A big disappointment in the rise of interest rates this year is the lack of flow-through to rates on savings accounts. But GICs have rarely looked so attractive. Rob Carrick has some thoughts on where to put your funds for shorter-term savings right now.

Slumping U.S. stock market technical indicators flash warning sign

Indicators that investors use to gauge the health of the U.S. stock market have taken a turn for the worse, fueling worries that the benchmark index may revisit its mid-June bear market low. Saqib Iqbal Ahmed reports.

Also see: Rebounding real yields spell trouble for U.S. stocks

Markets wary of overstretch as much as overshoot

While investors obsess with ‘fair value’, markets rarely find it, never mind settle there, as Reuters’ Jamie McGeever tells us.

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Number Cruncher: These 10 U.S.-listed large cap stocks have a strong track record of dividend growth

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Friday’s analyst upgrades and downgrades

Thursday’s analyst upgrades and downgrades

Friday’s Insider Report: Multimillion-dollar purchases in these two dividend stocks

Thursday’s Insider Report: CEO, CFO and CIO buy this oversold financial stock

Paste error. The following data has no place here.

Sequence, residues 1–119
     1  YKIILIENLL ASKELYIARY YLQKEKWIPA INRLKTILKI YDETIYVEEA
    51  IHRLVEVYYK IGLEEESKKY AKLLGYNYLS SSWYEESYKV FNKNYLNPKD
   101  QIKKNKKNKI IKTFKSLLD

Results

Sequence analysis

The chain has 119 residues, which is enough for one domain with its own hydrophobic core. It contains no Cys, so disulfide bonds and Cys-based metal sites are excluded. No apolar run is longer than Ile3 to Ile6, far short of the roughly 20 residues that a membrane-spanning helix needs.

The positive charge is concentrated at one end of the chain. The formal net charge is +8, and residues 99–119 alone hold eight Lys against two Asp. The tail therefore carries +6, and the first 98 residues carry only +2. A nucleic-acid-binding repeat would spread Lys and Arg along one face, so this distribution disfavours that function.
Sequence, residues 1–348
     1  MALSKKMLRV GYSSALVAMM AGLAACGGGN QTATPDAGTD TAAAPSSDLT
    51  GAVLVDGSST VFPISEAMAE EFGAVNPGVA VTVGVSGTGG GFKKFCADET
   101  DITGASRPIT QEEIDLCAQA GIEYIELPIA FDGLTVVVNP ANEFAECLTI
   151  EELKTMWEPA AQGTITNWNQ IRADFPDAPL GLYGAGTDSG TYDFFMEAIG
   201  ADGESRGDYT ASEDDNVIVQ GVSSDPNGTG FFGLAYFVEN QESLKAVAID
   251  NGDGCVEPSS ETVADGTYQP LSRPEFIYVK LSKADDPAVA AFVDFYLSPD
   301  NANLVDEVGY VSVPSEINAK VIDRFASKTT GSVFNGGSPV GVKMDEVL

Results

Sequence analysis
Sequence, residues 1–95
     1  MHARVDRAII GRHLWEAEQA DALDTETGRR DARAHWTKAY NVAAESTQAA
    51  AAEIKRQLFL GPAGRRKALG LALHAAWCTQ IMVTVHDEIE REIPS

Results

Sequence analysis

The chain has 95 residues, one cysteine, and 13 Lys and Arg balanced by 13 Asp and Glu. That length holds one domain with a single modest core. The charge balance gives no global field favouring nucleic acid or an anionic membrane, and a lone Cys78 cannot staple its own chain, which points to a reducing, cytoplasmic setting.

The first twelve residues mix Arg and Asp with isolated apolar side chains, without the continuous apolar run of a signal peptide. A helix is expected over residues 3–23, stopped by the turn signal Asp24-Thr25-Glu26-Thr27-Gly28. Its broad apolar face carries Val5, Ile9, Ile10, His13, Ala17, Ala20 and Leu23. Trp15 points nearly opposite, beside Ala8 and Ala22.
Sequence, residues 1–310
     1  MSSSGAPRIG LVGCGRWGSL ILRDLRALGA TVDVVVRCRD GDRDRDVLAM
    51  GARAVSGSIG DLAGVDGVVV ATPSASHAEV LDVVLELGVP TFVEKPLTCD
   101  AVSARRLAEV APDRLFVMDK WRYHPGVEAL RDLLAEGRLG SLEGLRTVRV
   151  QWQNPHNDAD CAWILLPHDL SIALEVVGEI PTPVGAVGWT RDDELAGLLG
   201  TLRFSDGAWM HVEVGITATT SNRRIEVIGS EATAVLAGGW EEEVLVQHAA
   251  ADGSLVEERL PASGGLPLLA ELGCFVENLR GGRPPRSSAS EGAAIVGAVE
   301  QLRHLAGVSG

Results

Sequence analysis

Globe Advisor

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Ask Globe Investor

Question: I feel my investment firm is just after my monthly fees. I retired in October, 2021. I asked my adviser to pay me $800 monthly from my RRSP. He’s saying to create a RRIF instead and leave it invested. I do not need the $800 to live. I was going to move it to a fee-free investment. I fear they are just trying to keep my money so I will continue to pay their fees. Should I be taking withdrawals to the lowest tax bracket rate? I have room to take $10,000 per year. My hope is to invest a portion of that income into GICs and reduce fees.

Answer: Based on what you say, I assume you have a fee-based account so, yes, it would be in your adviser’s interest to keep you as a client. Whether it’s in your own interest depends on how well your investments are performing.

GIC rates have moved up to as high as 5 per cent in a few places. It remains to be seen how much higher they’ll go.

Here is what I suggest. Ask for a review of your account for the past five years and request the broker provide an average annual compound rate of return, after fees. If that beats what you’d get from a GIC, the money you’re paying is well spent. If it doesn’t, proceed with your withdrawal and GIC investment plan.

--Gordon Pape

What’s up in the days ahead

Does the recent bounce in Cameco shares have staying power as the world gravitates back to the clean fuel of nuclear energy? David Berman shares his thoughts on the uranium producer. Plus, Ian McGugan explains why he thinks Canadian REITs and railroads are looking attractive right now.

Navigating the energy shock and other world market themes for the week ahead

Click here to see the Globe Investor earnings and economic news calendar.

More Globe Investor coverage

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Compiled by Globe Investor Staff